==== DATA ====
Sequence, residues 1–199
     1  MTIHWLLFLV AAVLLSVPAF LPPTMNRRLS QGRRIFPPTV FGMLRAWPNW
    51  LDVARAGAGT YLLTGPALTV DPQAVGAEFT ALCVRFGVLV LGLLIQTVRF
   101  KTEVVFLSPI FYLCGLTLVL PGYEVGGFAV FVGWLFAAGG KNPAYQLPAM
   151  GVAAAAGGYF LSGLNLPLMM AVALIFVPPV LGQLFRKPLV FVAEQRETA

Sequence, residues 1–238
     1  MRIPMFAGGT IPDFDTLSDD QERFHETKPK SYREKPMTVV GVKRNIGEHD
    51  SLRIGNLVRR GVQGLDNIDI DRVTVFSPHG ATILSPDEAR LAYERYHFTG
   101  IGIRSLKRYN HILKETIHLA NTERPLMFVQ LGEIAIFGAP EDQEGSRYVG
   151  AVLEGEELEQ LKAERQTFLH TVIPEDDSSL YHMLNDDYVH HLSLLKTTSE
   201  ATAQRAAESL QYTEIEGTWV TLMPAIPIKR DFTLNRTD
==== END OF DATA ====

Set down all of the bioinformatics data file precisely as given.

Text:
Sequence, residues 1–199
     1  MTIHWLLFLV AAVLLSVPAF LPPTMNRRLS QGRRIFPPTV FGMLRAWPNW
    51  LDVARAGAGT YLLTGPALTV DPQAVGAEFT ALCVRFGVLV LGLLIQTVRF
   101  KTEVVFLSPI FYLCGLTLVL PGYEVGGFAV FVGWLFAAGG KNPAYQLPAM
   151  GVAAAAGGYF LSGLNLPLMM AVALIFVPPV LGQLFRKPLV FVAEQRETA

Sequence, residues 1–238
     1  MRIPMFAGGT IPDFDTLSDD QERFHETKPK SYREKPMTVV GVKRNIGEHD
    51  SLRIGNLVRR GVQGLDNIDI DRVTVFSPHG ATILSPDEAR LAYERYHFTG
   101  IGIRSLKRYN HILKETIHLA NTERPLMFVQ LGEIAIFGAP EDQEGSRYVG
   151  AVLEGEELEQ LKAERQTFLH TVIPEDDSSL YHMLNDDYVH HLSLLKTTSE
   201  ATAQRAAESL QYTEIEGTWV TLMPAIPIKR DFTLNRTD